Stairway to Database DevOps

Stairway to Database DevOps Level 4: Creating a new Azure Pipeline (with Azure SQL DB Deployment)


The first three levels of this series have been the lead-up to this level, automating the database deployment with Azure Pipelines. First, we started with an introduction to Azure DevOps and the Git client. Next, SQL Source Control was introduced to manage a database’s schema and manually deploy changes from the database to source control (and vice versa to support developers working with their copy of a database). The previous level involved code branching and merging, which is needed for two primary purposes: isolating the development of a feature from other code changes and saving (merging) changes into the main branch as a package to aid in automated deployments.

In this level, Azure Pipelines will be explored, as the orchestration (pipeline) will be defined to build and deploy database schema changes made in SQL Source Control. The destination database in this level is an Azure SQL database, as the deployment is a little more straightforward than deploying to SQL Server, which is generally on a private network. In the next level, we'll cover how to bridge the gap to a SQL Server instance.

Getting Started with Azure Pipelines

To orient ourselves in Azure DevOps, below Boards and Repos is Pipelines on the left navigation bar. Since we haven’t yet defined a pipeline in our demo project, Create Pipeline is the first step when we click this item. There is a menu to the right with options. For now, we’ll ignore those and continue.

Azure DevOps presents several choices for accessing our code to start a new pipeline. There are two things to notice on this screen. First, popular source control tools are available, not just Azure DevOps. Bitbucket Cloud, GitHub, and Subversion can be used to store source code the pipeline will use. The second thing to note is the first four options all have a bubble with YAML next to them. We will be writing code to define our pipeline. Let’s choose Azure Repos Git to get started.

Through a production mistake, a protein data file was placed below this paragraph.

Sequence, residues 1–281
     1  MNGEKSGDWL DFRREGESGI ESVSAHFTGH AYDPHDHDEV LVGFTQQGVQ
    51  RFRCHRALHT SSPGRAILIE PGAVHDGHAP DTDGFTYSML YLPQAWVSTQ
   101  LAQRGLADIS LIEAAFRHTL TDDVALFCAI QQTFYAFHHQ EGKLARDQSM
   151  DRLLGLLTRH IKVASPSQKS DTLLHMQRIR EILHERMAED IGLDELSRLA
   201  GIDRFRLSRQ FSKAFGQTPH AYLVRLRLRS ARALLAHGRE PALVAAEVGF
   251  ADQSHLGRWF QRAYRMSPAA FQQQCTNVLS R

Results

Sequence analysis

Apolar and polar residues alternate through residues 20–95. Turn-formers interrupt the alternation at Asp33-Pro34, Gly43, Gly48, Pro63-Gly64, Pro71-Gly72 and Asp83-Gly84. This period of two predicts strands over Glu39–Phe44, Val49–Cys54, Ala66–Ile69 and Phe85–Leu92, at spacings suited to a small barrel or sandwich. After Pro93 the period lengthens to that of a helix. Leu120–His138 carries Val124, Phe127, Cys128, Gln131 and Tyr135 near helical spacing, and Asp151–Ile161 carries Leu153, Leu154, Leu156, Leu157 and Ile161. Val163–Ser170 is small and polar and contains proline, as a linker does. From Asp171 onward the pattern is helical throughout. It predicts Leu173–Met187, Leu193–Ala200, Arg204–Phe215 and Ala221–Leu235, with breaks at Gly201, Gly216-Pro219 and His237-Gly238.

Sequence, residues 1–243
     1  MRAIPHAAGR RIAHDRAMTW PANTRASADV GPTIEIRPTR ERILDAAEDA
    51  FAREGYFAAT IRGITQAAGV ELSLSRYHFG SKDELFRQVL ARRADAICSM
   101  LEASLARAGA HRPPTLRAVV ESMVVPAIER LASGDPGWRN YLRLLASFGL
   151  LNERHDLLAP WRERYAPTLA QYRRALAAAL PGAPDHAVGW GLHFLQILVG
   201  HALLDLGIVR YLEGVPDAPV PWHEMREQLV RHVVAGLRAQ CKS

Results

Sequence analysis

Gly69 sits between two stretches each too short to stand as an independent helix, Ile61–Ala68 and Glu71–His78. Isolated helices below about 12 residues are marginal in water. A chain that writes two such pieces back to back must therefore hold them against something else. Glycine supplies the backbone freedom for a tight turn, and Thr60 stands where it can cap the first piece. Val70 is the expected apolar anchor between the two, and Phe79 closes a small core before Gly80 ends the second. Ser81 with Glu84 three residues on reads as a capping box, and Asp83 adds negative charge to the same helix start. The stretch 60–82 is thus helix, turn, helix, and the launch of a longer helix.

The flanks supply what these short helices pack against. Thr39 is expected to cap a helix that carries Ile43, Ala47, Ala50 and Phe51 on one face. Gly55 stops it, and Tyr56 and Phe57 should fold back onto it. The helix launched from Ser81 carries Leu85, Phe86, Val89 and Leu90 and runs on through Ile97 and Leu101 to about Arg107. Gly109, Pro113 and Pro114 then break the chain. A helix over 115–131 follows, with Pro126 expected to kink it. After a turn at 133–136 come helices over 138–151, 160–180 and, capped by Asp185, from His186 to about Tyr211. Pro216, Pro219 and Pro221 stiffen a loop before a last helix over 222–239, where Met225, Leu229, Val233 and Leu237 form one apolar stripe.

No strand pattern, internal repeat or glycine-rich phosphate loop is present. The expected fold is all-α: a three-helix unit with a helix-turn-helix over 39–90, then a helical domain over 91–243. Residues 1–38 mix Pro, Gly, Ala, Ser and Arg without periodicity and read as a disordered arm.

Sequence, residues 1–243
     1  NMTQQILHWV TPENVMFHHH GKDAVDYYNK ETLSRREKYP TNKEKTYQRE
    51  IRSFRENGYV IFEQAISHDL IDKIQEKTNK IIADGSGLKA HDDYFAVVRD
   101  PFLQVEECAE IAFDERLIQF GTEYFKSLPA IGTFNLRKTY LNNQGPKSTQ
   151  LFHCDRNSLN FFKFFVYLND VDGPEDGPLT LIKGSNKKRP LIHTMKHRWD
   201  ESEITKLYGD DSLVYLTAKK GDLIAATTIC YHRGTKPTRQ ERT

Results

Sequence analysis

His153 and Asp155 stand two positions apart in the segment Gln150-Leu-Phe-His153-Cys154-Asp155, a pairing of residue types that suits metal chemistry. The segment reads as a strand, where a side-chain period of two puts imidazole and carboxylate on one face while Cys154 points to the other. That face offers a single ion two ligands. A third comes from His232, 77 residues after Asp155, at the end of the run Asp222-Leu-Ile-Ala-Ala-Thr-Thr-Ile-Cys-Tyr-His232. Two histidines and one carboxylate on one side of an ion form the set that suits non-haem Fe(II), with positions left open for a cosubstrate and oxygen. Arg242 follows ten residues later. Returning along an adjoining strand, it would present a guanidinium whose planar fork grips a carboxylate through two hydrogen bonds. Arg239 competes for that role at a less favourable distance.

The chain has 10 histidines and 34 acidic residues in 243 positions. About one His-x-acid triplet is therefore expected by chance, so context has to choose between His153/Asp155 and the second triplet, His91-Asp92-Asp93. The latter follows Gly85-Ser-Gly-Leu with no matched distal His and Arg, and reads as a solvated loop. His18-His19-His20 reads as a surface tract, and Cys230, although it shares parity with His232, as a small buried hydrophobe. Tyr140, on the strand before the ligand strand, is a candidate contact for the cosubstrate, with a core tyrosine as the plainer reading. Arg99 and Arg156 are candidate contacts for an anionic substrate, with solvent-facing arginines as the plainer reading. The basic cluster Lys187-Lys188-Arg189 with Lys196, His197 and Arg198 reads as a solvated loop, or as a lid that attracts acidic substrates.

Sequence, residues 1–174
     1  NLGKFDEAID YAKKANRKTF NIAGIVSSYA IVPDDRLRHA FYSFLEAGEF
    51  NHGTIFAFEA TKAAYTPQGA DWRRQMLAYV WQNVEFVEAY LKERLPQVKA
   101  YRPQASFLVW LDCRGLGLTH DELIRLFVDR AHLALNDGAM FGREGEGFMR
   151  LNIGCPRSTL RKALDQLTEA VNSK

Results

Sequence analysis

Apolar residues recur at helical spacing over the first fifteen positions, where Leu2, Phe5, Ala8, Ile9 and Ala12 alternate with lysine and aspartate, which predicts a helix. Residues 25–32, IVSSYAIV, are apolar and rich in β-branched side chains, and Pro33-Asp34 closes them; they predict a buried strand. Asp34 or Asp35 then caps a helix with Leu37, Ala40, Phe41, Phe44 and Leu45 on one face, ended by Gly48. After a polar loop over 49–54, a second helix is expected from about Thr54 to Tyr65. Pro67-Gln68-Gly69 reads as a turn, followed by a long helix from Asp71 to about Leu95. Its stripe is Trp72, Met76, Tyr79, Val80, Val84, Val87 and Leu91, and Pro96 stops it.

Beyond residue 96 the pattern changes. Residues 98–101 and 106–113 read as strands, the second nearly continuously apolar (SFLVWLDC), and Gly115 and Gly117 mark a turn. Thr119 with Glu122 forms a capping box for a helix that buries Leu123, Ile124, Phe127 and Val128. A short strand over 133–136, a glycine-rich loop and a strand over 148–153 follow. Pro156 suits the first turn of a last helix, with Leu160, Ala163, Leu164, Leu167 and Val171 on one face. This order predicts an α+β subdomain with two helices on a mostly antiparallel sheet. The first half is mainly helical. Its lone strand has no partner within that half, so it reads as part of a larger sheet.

I said there were two things to note, but as of when this was written, there is a third thing to note. At the bottom of the screen, there is an option to Use the classic editor. Since it is named ‘classic editor,’ it is safe to assume Microsoft has plans to deprecate that functionality. If you find the link is there when you work with Azure Pipelines, it could generate YAML snippets copied and pasted into a YAML pipeline. Do not use the classic editor for production-level pipelines. It should only be used for research and development purposes. I will not cover this editor for this level and stick with the “pure YAML” pipeline.

After choosing Azure Repos Git, Azure Pipelines will return the list of Git repositories within the current Azure DevOps project. This is where Azure Pipelines will save the YAML file that defines the pipeline, not where the code is coming from. There are options to integrate code from other projects within the pipeline. For my RedGateDemos project, I only have the default repository. My only choice to move forward from this screen is to choose the repository, RedGateDemos.

After choosing the repository, Azure Pipelines provides many templates to help start defining a pipeline, with several options shown in the screenshot above. Unfortunately, no database template exists, not even for projects using Microsoft tools. As a result, we need to use the Starter pipeline, the first option listed.

Azure DevOps gives us a plain-looking template that has three areas of interest.

  • Trigger – When code is committed to the ‘main’ branch, the pipeline is triggered to run.
  • Pool (vmImage) – Upon the pipeline being triggered, Azure Pipelines is going to create an agent (virtual machine) running the latest version of Ubuntu Linux. This agent needs to have access to your SQL instance. This requires the SQL instance to have a public IP address the agent access (yikes!!). Azure Pipelines allows self-hosted agents to be installed on on-premises servers to deploy changes to SQL Server. Communication is handled between Azure DevOps and the agent, with the agent performing the work. For this level, we're going to use Azure SQL DB, which is built to be a publicly accessible environment. In the next level, we'll discuss self-hosted agents.